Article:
To pull (oneself) up by (one's) bootstraps, by 1871, was used figuratively of an impossible task (among the "practical questions" at the end of chapter one of Steele's "Popular Physics" schoolbook (1888) is, "30. Why can not a man lift himself by pulling up on his boot-straps?"). But it also is used to suggest "better oneself by rigorous, unaided effort." The meaning "fixed sequence of instructions to load the operating system of a computer" (1953) is from the notion of the first-loaded program pulling itself (and the rest) up by the bootstrap. It was used earlier of electrical circuits (1946).
"a violent check of a horse by giving a sudden pull on the reins," 1705, from French saccade "a jerk," from obsolete saquer "to shake, pull," a dialectal variant of Old French sachier, which is perhaps ultimately from Latin saccus "sack" (see sack (n.1)). Related: Saccadic.
mid-14c., detraccioun, "the vice of slandering;" late 14c., "act of disparaging or belittling, act of depreciating the powers or performance of another;" from Old French detraccion "detraction, disparagement, denigration" (12c.) and directly from Latin detractionem (nominative detractio) "a drawing off," from past-participle stem of detrahere "take down, pull down, disparage," from de "down" (see de-) + trahere "to pull" (see tract (n.1)).
"one who takes away from or injures the good name of another," late 14c., from Anglo-French detractour, Old French detractor "detractor, backbiter" and directly from Latin detractor, agent noun from detrahere "take down, pull down, disparage," from de "down" (see de-) + trahere "to pull" (see tract (n.1)). The fem. form detractress is attested from 1716 (Addison).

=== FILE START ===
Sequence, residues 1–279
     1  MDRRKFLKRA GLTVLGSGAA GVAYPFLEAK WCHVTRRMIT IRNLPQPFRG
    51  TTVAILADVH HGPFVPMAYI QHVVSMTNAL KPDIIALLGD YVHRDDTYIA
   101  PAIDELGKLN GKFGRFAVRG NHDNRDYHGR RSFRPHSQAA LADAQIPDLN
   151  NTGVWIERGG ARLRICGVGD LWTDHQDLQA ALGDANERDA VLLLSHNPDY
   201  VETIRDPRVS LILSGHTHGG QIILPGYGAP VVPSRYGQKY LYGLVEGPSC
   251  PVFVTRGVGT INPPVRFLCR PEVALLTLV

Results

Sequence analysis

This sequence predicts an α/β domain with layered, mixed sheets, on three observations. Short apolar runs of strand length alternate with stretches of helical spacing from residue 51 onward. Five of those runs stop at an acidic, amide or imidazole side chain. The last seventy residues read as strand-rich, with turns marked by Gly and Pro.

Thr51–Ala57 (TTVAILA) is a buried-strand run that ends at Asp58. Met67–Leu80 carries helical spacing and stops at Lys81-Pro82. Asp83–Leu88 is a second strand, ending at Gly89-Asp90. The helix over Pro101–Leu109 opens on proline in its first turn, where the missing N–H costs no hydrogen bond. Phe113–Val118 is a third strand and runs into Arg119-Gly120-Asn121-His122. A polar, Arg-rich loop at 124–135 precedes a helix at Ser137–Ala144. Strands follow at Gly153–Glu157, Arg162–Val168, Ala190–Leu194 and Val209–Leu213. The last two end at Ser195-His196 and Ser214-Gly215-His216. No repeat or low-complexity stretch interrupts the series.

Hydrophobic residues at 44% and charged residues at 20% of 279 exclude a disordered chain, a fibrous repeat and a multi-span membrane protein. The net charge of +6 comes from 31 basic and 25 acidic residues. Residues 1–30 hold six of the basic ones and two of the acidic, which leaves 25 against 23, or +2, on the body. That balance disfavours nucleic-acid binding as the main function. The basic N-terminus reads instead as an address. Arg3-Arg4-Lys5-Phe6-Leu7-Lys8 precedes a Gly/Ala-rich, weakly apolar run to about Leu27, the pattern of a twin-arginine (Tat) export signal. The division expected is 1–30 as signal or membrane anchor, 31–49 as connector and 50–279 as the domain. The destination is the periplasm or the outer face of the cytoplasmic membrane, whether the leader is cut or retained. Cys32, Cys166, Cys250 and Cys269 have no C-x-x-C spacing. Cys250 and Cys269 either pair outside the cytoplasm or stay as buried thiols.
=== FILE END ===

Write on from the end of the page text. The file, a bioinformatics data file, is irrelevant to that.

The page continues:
early 14c., "a drawing out, delay;" late 14c., "trailing part of a skirt, gown, or cloak;" also "retinue, procession," from Old French train "tracks, path, trail (of a robe or gown); act of dragging," from trainer "to pull, drag, draw," from Vulgar Latin *traginare, extended from *tragere "to pull," back-formation from tractus, past participle of Latin trahere "to pull, draw" (see tract (n.1)).,
General sense of "series, progression, succession, continuous course" is from late 15c.; train of thought is attested from 1650s. The railroad sense "locomotive and the cars coupled to it" is recorded from 1820 (publication year, dated 1816), from the notion of a "trailing succession" of wagons or carriages pulled by a mechanical engine.
late 14c., "to pull or gather up," earlier "to pluck, stretch" (implied in tucker "one who finishes clothes by stretching them on tenters, late 13c. as a surname), probably from Middle Low German or Middle Dutch tucken "pull up, draw up, tug" (cognate with Old English tucian "mistreat, torment," and related to Old English togian "to pull," German zucken; see tow (v.)). Sense of "thrust into a snug place" is first recorded 1580s. Slang meaning "to consume, swallow, put into one's stomach" is recorded from 1784. Related: Tucked; tucking.
"walk through, about, or over," 1560s, from Latin perambulatus, past participle of perambulare "to walk through, go through, ramble through," from per "through" (from PIE root *per- (1) "forward," hence "through") + ambulare "to walk, go about" (see amble (v.)). Related: Perambulated; perambulating.
also pull-over, 1871, originally of hats, from the verbal phrase; see pull (v.) + over (adv.). As a noun, from 1875 as a kind of cap of silk or felted fur drawn over a hat-body to form the napping; 1925 as a type of sweater (short for pullover sweater, 1912), so called in reference to the method of putting it on by drawing it over the head. To pull over, in reference to a driver or motor vehicle, "go to the side of the road," is by 1930.